Third world success meme!

    • The message is then encrypted using uc_encrypt.

      Decompilation of the encryption function being called.

      I have no idea what puVar[-0x227] = X does, and apparently it's not important.

    • Finally, encrypt encodes the message, tag, and IV in Base64; then sends out a JSON response.

  • Now how do we go about reversing this encryption?

    • It's probably not trivial—most encryptions aren't.
    • What cryptographic algorithms use a tag and IV? Google suggested AES-GCM.
    • Oh, but wait—there’s a uc_decrypt function...

Pikachu used charm! It’s not very effective.

To make our life easier (and also because of curiosity), let’s see if the encryption library is open-source. OSINT time! Googling “charm.c uc_encrypt” leads us to dsvpn, which links us to charm. Both are GitHub repositories using the same charm.c as the challenge.

The source gives us obvious clues we might’ve missed in our initial analysis. For example, the key should be 32 bytes long. This was quite helpful, as Ghidra for some reason grouped the 32nd byte apart from the first 31 bytes (took me a while to figure out what went wrong).

Now that we have the source, we can use it directly for our solve script!

int main() {
    uint32_t st[12] = {};

    // Obtained from binary (static_key symbol).
    unsigned char key[] = "\xf2\x9c\x0b\xf1\xc5\x1a\x7e\x65\x75\x80\x23\x6e\x8b\x74\x38\xbf\x59\x39\x8a\x1a\x05\xc6\x43\xfa\x1d\x57\x82\x0a\xb9\xc6\xdc\x50";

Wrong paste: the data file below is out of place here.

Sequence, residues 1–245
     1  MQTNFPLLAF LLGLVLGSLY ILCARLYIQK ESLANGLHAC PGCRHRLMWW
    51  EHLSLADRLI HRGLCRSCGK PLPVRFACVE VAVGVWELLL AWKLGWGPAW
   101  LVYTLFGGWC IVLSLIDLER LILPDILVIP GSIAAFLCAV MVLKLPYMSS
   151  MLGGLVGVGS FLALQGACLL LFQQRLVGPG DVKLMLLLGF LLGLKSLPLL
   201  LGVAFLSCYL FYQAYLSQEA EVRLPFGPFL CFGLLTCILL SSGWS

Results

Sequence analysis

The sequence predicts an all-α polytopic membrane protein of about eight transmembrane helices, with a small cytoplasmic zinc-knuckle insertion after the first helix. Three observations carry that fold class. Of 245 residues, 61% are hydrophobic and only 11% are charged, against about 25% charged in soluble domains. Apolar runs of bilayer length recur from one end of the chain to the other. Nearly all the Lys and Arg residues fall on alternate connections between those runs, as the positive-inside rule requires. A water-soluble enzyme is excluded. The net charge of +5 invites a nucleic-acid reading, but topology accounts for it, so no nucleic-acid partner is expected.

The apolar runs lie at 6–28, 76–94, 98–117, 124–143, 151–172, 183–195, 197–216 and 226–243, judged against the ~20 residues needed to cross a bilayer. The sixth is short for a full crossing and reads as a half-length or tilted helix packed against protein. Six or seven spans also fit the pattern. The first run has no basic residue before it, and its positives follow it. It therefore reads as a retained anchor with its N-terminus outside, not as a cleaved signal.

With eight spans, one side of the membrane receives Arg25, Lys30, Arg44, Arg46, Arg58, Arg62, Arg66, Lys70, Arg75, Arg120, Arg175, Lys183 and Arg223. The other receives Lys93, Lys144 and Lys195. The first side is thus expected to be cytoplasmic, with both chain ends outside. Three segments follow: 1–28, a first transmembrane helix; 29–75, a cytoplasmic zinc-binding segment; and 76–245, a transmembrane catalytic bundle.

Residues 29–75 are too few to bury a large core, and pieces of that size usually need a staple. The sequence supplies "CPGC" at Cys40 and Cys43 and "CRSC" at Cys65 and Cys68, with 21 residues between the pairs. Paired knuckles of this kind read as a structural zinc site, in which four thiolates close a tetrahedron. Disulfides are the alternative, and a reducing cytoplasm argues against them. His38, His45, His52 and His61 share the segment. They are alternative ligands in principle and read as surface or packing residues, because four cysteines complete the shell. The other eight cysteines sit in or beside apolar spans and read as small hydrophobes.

// Obtained by decoding Base64.
    unsigned char iv[] = "\xe2\x4f\x76\x18\xd8\xa3\xa\xaf\xa8\xbf\xee\xe6\x5c\xe9\x4\x1e";
    unsigned char tag[] = "\xd0\x5b\x4c\x60\x6d\x88\x3f\x18\xff\xa8\x58\x43\xfc\xd2\xc6\xac";
    unsigned char c[] = "\xe4\xa\xf2\xb3\x96\x3c\x7a\x9a\x86\xe1\xa4\x9e\x45\xc5\xef\x7f\xe4\x8a\x96\x13\x4a\x95\x8\xc8\xdb\x6c\x7c\xa2\x34\x6f\xf4\x37\xae\xd0\x46\x1\xb2\xd0\xc\x32\xbb\x3e\xb6\xf9\xe6\x51\x5e\x6e\x14\xb\x97\x5b\x99\xd\xda\x3a\xf3\xe0\xd2\x66\xed\xe8\x7a\xbc\x6e\xc\xab\xec";
    uc_state_init(st, key, iv);
    size_t len = strlen((char*)c);
    int res = uc_decrypt(st, c, len, tag, 16);
    printf("result: %d\n", res);
    printf("%s\n", c);

Since the state is initialised inside the endpoint, it is refreshed for each encryption. As long as we have the key and IV, we can recover the state. Finally, we decrypt the message and get the flag. That's all there is to it!

Final Remarks

This was a rather nice, relaxing C++ challenge. And yes, C++ is still charm.

With C++ reverse challenges (and looking at large applications in general), it’s difficult to know what’s important because there are so many things to look at. But! It’s really helpful to know what’s not important, because then you can filter those out and pay attention to things that matter.

For example, if you see templates (the ever so familiar, pointy friends of ours), you can usually ignore everything in between. Normally they're the default anyway.

Also, if there’s something to learn from this challenge, it’s that application developers should secure their secrets (e.g. with environment variables or config loaders). 😛

Solve Scripts



  1. It wasn’t. ↩︎

  2. To be fair, one of the reasons C++ is powerful is because it’s both performant and expressive. And it’s expressive, because there can be a lot of hidden control flow. You can write one line of code which could be syntax sugar for twenty lines of code, and even more assembly. With C, it’s more straightforward (and simple). ↩︎